There have been calls for the Queen to apologise for the “assimilation and genocide” of children discovered in mass graves who were lost in the country’s residential school children in the 19thand 20thcenturies.
Indigenous leaders asked Prince Charles to do so on the Queen’s behalf during a Governor General reception in Ottawa on Wednesday, but instead he “acknowledged” their suffering.
The cost of living crisis has perhaps disproportionately affected indigenous people living in remote communities.
Chief Edward Sangris, Dettah Chief for the Yellowknives Dene First Nation, met Charles on Thursday.
Charles and Camilla POOL
Charles and Camilla on tour CARLOS OSORIO
He told GB News: “The cost of living is really astronomical in the north. The north is a remote community where everything costs more because of transportation. It has to be trucked up, it has to be flown up."
Dettah, with a population of around 220 people, used to be a much more isolated community until 1967 when the Queen’s visit to the area prompted the construction of a connecting road between Dettah and Yellowknife.
Charles met climate experts and visited the Dettah Ice Road – a 6.4km passage across the Great Slave Lake, connecting Dettah and Yellowknife in the winter.
It has been described as a lifeline to the remote community and has to be rebuilt each year.
Global warming means the number of days the road is usable each year has fallen, and the only other route is by air.
Charles discussed climate change CARLOS OSORIO
The Prince of Wales discussed the “value of indigenous-led environmental approaches” with a local Professor and Permafrost Scientist.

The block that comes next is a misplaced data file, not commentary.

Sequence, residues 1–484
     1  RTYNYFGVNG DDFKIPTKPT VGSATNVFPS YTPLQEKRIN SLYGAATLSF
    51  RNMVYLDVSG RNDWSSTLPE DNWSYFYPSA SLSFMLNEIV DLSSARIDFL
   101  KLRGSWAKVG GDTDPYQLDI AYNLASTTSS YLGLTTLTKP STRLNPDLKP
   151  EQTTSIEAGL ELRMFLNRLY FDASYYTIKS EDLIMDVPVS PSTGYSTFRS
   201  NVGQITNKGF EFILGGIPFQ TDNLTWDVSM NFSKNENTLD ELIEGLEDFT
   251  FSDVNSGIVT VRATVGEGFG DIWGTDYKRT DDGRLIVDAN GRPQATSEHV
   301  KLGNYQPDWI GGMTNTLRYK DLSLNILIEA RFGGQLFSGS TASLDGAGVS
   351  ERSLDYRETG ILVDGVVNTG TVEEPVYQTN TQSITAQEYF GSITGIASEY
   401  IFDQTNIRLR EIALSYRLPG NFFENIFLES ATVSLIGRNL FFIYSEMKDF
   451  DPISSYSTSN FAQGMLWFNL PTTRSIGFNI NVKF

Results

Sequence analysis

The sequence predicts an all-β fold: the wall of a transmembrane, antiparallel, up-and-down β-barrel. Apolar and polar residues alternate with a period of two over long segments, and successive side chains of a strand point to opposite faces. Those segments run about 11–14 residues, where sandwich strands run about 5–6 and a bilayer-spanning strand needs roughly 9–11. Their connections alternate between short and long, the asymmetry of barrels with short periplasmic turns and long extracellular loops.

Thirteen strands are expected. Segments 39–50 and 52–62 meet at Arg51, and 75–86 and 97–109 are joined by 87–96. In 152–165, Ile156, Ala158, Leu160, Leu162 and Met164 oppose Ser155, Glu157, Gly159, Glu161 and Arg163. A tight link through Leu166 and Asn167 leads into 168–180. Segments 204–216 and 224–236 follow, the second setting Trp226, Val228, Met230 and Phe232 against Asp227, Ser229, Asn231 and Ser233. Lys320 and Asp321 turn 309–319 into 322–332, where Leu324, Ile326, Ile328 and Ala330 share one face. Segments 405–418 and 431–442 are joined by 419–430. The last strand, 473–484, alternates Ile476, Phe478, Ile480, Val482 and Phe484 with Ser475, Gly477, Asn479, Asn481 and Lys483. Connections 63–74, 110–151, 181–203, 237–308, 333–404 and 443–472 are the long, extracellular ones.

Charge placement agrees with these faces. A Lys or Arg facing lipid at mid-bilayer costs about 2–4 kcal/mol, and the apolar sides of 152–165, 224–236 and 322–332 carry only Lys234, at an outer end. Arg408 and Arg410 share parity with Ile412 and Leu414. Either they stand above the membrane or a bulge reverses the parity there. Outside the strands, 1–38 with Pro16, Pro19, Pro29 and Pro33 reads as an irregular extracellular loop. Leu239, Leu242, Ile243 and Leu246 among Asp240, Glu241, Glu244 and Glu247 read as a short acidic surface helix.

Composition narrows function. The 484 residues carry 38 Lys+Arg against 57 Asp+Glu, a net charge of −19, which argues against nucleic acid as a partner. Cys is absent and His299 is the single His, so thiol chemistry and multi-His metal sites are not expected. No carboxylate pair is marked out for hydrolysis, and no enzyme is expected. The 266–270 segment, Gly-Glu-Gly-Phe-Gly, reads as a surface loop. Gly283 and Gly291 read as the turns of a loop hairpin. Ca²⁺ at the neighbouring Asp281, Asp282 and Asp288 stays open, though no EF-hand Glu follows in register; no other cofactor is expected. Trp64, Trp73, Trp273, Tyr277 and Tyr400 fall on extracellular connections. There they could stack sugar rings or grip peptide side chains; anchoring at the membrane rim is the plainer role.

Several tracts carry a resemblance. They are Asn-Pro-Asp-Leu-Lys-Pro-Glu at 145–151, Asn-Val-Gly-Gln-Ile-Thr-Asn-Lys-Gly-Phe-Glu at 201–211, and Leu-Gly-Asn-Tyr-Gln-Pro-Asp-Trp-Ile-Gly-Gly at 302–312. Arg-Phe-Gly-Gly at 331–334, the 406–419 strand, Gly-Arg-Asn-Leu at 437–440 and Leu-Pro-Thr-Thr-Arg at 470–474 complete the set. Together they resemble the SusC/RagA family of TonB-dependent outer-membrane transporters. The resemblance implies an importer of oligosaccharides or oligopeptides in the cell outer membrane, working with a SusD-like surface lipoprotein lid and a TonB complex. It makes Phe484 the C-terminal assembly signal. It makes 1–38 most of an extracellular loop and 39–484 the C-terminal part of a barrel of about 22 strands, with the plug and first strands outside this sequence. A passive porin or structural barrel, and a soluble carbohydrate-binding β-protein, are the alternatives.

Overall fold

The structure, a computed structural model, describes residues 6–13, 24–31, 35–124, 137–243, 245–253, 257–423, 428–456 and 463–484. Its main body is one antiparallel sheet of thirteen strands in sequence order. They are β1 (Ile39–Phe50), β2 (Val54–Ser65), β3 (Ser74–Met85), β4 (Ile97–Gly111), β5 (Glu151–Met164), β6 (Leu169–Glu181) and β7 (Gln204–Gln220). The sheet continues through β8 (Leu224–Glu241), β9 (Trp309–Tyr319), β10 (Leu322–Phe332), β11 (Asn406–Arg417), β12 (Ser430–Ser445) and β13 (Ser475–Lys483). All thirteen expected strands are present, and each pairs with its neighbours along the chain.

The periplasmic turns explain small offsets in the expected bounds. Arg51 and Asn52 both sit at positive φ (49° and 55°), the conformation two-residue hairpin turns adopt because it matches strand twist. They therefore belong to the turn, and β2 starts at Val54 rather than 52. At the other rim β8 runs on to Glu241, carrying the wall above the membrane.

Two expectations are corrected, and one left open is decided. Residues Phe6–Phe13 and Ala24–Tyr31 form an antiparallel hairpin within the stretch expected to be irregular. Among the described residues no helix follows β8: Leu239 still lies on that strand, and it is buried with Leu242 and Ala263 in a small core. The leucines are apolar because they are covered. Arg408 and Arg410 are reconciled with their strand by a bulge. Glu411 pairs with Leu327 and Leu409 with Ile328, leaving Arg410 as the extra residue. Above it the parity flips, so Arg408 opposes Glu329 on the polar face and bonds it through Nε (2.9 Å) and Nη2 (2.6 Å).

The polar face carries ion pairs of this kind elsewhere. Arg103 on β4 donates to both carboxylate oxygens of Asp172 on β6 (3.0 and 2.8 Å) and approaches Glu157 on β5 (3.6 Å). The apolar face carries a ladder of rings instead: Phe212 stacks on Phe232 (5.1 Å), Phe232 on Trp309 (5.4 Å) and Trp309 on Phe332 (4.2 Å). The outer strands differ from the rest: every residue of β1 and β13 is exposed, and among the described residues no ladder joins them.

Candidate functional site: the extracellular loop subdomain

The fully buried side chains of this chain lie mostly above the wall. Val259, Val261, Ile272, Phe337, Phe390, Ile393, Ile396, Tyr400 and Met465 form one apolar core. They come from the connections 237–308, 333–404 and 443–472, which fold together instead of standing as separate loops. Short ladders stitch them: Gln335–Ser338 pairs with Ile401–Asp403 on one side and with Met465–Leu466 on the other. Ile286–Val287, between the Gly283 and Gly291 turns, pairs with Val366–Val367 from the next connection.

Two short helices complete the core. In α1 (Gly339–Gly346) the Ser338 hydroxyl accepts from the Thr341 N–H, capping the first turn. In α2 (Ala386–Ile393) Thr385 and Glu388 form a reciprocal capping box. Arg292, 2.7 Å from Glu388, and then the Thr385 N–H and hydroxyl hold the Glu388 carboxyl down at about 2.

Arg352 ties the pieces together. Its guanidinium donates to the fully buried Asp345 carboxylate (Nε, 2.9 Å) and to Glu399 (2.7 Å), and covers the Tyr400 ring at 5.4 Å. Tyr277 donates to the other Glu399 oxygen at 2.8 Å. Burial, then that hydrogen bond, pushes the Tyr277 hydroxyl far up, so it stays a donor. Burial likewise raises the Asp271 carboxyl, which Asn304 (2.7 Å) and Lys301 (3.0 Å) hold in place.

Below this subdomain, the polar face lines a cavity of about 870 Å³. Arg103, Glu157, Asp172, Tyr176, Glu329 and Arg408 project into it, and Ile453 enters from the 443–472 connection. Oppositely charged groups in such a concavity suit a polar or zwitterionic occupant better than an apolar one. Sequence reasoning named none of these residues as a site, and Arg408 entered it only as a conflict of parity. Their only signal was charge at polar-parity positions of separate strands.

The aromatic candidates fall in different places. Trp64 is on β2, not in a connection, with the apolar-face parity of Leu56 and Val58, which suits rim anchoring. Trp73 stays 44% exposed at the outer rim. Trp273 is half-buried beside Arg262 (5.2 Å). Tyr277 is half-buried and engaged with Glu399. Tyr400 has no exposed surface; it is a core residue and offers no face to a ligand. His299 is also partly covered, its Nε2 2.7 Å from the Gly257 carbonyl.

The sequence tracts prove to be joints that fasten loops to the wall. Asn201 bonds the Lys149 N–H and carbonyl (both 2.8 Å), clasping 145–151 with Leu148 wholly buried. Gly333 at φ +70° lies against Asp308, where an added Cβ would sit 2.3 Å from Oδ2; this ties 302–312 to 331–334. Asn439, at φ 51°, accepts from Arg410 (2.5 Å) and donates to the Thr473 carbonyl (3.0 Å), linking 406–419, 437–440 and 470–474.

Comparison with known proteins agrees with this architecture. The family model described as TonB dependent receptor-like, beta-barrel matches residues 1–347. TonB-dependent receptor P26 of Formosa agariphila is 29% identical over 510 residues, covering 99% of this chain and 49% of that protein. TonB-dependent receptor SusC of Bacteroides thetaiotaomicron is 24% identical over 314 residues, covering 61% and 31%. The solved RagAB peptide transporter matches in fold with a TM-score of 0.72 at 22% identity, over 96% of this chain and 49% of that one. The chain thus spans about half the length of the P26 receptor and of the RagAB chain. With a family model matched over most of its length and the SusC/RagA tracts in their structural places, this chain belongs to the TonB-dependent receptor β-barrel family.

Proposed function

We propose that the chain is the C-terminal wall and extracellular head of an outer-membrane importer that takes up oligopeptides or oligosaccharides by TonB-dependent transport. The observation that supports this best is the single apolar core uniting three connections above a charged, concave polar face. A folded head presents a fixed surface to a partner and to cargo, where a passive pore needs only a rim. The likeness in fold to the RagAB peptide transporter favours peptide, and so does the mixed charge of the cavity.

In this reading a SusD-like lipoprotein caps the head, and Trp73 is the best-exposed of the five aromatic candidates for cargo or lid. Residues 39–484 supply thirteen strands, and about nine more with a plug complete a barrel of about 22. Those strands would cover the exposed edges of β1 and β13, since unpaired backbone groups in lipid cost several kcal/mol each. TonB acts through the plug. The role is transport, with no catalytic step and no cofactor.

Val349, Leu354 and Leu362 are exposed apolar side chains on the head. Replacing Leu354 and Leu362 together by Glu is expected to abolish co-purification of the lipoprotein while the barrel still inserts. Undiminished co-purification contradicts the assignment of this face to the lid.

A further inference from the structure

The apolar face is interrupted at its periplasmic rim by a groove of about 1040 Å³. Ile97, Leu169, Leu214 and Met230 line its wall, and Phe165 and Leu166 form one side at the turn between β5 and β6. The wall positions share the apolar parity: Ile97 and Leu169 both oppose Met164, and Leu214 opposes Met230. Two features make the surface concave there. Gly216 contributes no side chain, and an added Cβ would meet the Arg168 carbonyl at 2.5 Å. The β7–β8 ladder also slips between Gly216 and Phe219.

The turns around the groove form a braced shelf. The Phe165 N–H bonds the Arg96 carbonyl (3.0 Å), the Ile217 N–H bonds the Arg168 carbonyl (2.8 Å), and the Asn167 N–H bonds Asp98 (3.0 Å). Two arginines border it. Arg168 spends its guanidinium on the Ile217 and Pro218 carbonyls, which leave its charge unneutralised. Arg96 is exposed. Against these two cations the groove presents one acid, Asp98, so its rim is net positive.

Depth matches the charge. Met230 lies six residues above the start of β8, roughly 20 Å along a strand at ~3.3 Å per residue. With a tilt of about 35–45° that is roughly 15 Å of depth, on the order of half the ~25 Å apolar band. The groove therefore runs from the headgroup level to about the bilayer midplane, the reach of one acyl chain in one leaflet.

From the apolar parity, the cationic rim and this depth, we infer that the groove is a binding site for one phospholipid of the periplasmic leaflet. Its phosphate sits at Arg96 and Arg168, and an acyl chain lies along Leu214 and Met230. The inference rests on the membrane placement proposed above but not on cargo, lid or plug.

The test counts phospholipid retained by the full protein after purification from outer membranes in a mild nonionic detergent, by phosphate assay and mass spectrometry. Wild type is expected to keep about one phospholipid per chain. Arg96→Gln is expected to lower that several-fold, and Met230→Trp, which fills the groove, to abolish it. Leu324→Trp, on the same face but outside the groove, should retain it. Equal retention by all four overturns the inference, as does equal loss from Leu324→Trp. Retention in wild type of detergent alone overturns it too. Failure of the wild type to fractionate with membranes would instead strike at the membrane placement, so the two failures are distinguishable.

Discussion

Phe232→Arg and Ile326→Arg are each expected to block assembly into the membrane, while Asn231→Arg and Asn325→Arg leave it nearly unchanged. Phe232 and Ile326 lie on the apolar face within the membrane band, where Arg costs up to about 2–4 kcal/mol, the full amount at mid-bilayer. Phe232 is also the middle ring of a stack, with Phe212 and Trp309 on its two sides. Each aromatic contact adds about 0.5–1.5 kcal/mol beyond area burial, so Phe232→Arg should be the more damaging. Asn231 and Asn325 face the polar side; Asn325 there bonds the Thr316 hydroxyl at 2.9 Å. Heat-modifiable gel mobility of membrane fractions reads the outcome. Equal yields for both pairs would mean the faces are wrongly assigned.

On Wednesday in Ottawa, he urged Canadian business leaders and politicians to adopt a “war-like footing” to tackle climate change.
In the spirit of that theme, he visited the Canadian Rangers who are marking their 75thanniversary this year.
Part of the Canadian Armed Forces, they sometimes act as a search and rescue service for the surrounding remote communities and assist with forest fires and flooding relief.
Canada is experiencing the impact of climate change and parts of the Northwestern Territories have faced heavy flooding for a second year in a row.
Professor Heidi Swanson, a Canadian scientist who researches the impact of climate change on aquatic life, told GB News: “I think a lot of people, especially globally, don’t realise how remote and how isolated a lot of these communities are in Canada and how vulnerable they are to flooding.”
Camilla used the day to champion some of the causes close to her heart.
The Duchess of Cornwall visited a local school, which only has 34 students, and took part in a Wıìlıìdeh language lesson.
She learned about the history of the language and was invited to learn some key words and phrases with the class.
Camilla also visited a “transitional safe housing centre” for women who are fleeing domestic violence.
For years, the Duchess has highlighted the work of domestic abuse charities, both in Britain and abroad, and the work they do to support victims and survivors.
Her Royal Highness aims to break the taboo around the subject and has recently become Patron of the UK charity, SafeLives.
The royal couple reunited in the afternoon at the ‘Prince of Wales Northern Heritage Centre’.
Charles met local food producersto discuss environmental challenges, and how small business owners coped during the Covid-19 pandemic.
To continue Canada’s celebration of the Queen’s 70 years of service to the country, Charles and Camilla unveiled a plaque at the Northwestern Territories’ Platinum Jubilee Garden, before flying back to London.
On Thursday June 2, the Prince of Wales and the Duchess of Cornwall are expected to appear on the Buckingham Palace balcony alongside the Queen and other working members of the Royal Family for the annual flypast at the end of Trooping the Colour.